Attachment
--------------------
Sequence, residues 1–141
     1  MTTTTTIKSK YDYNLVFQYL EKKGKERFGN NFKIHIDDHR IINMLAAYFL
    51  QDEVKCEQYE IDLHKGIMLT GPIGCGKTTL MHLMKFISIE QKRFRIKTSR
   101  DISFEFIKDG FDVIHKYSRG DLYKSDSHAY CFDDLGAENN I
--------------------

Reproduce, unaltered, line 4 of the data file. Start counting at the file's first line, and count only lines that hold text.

   101  DISFEFIKDG FDVIHKYSRG DLYKSDSHAY CFDDLGAENN I